If I see that elevated behavior at a board game event, I assume that something completely inappropriate has happened at that table. These are not emotional exercises or simulations. These games are built on strategy, turns, and operations. Some, like the soon to be released Thornwatch by Loneshark Games stride that evasive line with light roleplay. Overall, if I'm loosing at a game like Odin's Ravens or Sheriff of Nottingham, I might go as far as an internal Oh well... How disappointing! - I'm not going to a flip a table.

Folks, we're supposed to be laughing at our misfortune, not actually cursing the Old Gods. Disclaimer: I don't want to tell someone how to play or experience a game the right way, but in this case I don't want to normalize the suppression of emotions outside of the table being an excuse to exorcise them at the table. Finding balance is incredibly important and our friends at Greatway Games had a fantastic discussion about that.  

Another assumption in the article is that all board games are, by nature competitive.

By their nature, board games bring out our competitive spirit because they divide us. Whether it’s a family, couples hanging out on a Saturday night or just kids having fun, board games usually are an ‘every man for himself’ scenario, or separate us into teams.
— Dr. Alok Trivedi, psychological performance coach and founder of The Aligned Performance Institute.
Betrayal at Baldur's Gate  by Avalon Hill Games and Wizards of the Coast

Betrayal at Baldur's Gate by Avalon Hill Games and Wizards of the Coast

Yes, there are several competitive games on the market, but there are also co-operative games - even games that feature both styles of play within the same session. However, there's also the experience of introducing a game to players step by step which exercises the use of friendly communication skills and sportsmanly competition. Though you're competitors, you might help the other player through their first few turns and explain strategies to them until they're comfortable to make their own unaided decisions.

There is such a rainbow of experiences in board games and there's something for everyone, but being a sore loser does not make you the victim of some cursed psychological plot! In those cases, I really think players need to look within themselves and figure out how to participate in a healthy way. If you can't, that's your responsibility to address it. Please do it not make it the table's problem.

Playing  Thornwatch  by Loneshark Games with my friends.

Playing Thornwatch by Loneshark Games with my friends.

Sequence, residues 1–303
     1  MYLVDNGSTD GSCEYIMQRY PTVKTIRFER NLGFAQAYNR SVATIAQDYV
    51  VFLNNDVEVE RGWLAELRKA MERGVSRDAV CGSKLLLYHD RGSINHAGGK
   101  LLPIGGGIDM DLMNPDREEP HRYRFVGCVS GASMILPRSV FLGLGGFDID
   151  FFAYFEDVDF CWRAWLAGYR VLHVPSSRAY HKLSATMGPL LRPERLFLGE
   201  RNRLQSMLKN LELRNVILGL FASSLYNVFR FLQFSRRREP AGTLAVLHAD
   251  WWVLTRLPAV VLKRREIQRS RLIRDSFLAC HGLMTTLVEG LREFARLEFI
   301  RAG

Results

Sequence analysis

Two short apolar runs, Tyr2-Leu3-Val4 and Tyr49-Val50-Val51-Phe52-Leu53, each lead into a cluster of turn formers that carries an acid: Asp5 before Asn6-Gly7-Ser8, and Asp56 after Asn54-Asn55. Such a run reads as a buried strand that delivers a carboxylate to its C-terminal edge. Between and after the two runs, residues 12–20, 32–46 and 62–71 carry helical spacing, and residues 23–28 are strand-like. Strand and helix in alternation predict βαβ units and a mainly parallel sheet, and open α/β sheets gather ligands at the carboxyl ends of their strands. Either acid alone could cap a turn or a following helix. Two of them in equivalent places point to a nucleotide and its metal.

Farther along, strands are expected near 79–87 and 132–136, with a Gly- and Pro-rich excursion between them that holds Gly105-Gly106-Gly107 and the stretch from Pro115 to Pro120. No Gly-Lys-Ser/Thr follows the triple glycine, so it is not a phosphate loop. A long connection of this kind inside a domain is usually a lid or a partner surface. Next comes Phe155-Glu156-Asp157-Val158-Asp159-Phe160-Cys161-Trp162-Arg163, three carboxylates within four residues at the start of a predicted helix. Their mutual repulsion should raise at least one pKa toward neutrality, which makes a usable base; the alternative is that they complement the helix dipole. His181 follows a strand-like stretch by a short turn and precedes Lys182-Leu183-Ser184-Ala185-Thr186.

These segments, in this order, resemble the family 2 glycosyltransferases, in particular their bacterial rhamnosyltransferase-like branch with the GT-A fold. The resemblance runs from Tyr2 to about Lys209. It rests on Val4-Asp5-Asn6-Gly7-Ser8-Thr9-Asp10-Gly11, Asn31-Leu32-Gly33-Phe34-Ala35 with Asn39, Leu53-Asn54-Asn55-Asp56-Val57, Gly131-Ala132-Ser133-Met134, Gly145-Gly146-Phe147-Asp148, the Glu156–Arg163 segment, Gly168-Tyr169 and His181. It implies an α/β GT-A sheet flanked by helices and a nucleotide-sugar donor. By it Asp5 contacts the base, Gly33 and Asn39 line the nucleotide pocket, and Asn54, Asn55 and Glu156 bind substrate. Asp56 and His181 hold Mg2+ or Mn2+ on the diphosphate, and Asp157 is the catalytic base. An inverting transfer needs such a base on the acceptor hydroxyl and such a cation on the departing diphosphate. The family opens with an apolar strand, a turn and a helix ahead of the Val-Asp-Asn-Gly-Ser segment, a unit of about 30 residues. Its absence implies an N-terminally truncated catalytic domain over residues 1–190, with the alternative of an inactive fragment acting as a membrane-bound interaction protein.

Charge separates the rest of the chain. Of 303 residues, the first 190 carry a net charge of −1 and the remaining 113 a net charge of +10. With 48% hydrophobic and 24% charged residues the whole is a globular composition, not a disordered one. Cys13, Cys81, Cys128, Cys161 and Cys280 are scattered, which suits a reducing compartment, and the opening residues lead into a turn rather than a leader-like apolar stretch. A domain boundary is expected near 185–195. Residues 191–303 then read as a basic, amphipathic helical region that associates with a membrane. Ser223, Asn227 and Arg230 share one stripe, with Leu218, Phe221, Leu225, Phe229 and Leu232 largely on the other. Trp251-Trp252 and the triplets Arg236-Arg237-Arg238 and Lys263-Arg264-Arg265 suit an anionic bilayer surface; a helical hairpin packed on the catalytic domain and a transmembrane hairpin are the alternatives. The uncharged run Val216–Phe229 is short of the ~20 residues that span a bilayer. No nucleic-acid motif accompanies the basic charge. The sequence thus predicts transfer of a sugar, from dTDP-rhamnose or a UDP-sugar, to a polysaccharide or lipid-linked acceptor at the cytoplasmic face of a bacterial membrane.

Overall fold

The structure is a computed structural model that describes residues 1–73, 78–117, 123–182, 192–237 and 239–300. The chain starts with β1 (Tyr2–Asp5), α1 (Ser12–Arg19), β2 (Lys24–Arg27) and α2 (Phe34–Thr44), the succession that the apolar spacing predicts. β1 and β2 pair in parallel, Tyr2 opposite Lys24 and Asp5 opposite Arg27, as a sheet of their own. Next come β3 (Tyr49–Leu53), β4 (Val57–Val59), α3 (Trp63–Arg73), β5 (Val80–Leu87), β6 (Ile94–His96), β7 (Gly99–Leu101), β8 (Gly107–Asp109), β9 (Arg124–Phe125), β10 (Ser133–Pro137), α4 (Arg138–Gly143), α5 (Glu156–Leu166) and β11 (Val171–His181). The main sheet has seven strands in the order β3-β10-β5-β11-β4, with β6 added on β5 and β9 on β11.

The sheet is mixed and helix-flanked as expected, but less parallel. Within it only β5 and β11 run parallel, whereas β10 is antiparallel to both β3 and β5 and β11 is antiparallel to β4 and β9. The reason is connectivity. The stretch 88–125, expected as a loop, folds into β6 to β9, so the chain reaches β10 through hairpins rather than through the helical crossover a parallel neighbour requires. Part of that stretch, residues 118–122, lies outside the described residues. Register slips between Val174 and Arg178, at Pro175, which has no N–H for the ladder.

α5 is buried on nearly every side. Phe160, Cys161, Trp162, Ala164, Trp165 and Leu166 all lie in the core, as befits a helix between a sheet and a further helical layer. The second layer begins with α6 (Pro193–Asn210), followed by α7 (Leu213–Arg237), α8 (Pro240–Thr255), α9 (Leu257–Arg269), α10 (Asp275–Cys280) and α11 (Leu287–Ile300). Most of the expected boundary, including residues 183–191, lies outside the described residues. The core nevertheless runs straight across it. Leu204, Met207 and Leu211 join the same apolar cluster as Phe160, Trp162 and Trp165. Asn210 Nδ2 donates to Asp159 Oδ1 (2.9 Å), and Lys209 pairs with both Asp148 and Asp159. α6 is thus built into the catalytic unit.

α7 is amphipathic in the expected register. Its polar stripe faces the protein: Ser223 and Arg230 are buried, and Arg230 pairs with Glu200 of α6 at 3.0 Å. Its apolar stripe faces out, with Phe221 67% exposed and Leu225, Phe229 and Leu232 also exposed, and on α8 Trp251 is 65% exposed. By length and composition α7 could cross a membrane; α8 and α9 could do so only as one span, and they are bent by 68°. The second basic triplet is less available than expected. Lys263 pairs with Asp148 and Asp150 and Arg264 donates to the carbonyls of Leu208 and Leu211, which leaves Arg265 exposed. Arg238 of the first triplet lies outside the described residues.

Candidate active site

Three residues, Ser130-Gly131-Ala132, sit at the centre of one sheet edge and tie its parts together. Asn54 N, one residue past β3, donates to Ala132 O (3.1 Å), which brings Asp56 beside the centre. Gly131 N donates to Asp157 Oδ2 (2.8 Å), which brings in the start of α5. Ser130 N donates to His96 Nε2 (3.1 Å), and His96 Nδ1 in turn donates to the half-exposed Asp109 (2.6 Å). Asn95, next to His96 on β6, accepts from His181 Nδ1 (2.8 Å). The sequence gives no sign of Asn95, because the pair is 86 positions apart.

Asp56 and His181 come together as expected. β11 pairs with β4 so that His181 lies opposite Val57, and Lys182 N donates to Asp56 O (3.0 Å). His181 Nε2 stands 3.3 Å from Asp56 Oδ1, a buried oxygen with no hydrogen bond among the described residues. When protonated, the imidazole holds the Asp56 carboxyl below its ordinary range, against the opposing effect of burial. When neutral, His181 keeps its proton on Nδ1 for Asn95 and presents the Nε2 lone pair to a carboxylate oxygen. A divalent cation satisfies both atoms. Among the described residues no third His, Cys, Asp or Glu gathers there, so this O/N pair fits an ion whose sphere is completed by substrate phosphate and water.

Lastly, Ms. Spector addresses the competitive drive that kicks into high gear when board games spawn archetypal role reversal. 

One of the more fascinating social qualities of board games is their ability to shift family dynamics. If your big brother is always getting his way, it may be extra satisfying to dominate in a board game, just as it may be particularly humiliating for said big brother to lose to you.
— Nicole Spector, NBC News

Board games have the ability to transport us and transform us, whether that's to the fantasy Candy Land or to the Spice Islands of Century: Eastern Wonders. From Ms. Spector's point of view, the dark equalizing transportation circle of a board game provides a chance to smash down those who deserve it away from the table now that the playing field is equal. This is what I call, non-consensual table therapy.

When you look for these opportunities to address old grudges for yourself at a board game event, you are creating an experience internally that has nothing to do with the awareness or consent of the other players and it's completely inappropriate. For my part, this equalizing transformation is one of the things I look forward to most of all - not because I want to smash the patriarchy, but because I want to bring people together for a shared experience. Board games provide a socially acceptable opportunity for us to step away from politics, prejudice, age, and every other factor that has been weaponized to separate people. Gaming is an opportunity to communicate with your friends. Don't be afraid to stop the game for a minute and deal with a problem. Take a deep breath. If someone is getting aggressive stop and talk about it. The more you avoid it, the worse it gets. If you can't communicate with your fellow players in a healthy way, odds are you probably shouldn't be playing with them. There are deeper issues at work that need to be addressed. 

Nicole Spector ends her article by recommending several balms for competitive board game spirit including:

  • Playing games with less strategy so as not to have to tax "brain power."
  • Drink Responsibly
  • Resolve not to react to others' aggression. 

NBC News BETTER touts that their articles are "obsessed with finding easier, healthier and smarter ways to live." While Nicole Spector ended her article with these "tips," I would say that there's one glaring health-mindful omission here. Avoiding complicated/strategic competitive games is not the problem. The problem is inside you! It's just a game, but your internal life lives beyond the table and you need to give it attention and care.

If you find yourself exorcizing your personal demons during board games, seek help. I don't mean that in a dismissive way. I mean it with all the love and support in the world. Table therapy is unacceptable and it ruins the game for everyone else.

This, above all, is a social event. When your own internal emotional life regularly causes disruption at social functions, honor that and seek the appropriate means to address it. There is a stigma around mental health and therapy is such a powerful tool if you're brave enough to embrace it. It's your responsibility to your fellow players to play safely and be a good sport. Depression, anxiety, and personal hangups can absolutely make that more challenging. The big rule of thumb is, if you're not in a healthy place to play, then don't subject the table to your issues. Be kind to yourself and to your fellow players and you'll find that this hobby has so much more to offer than the thrill of victory.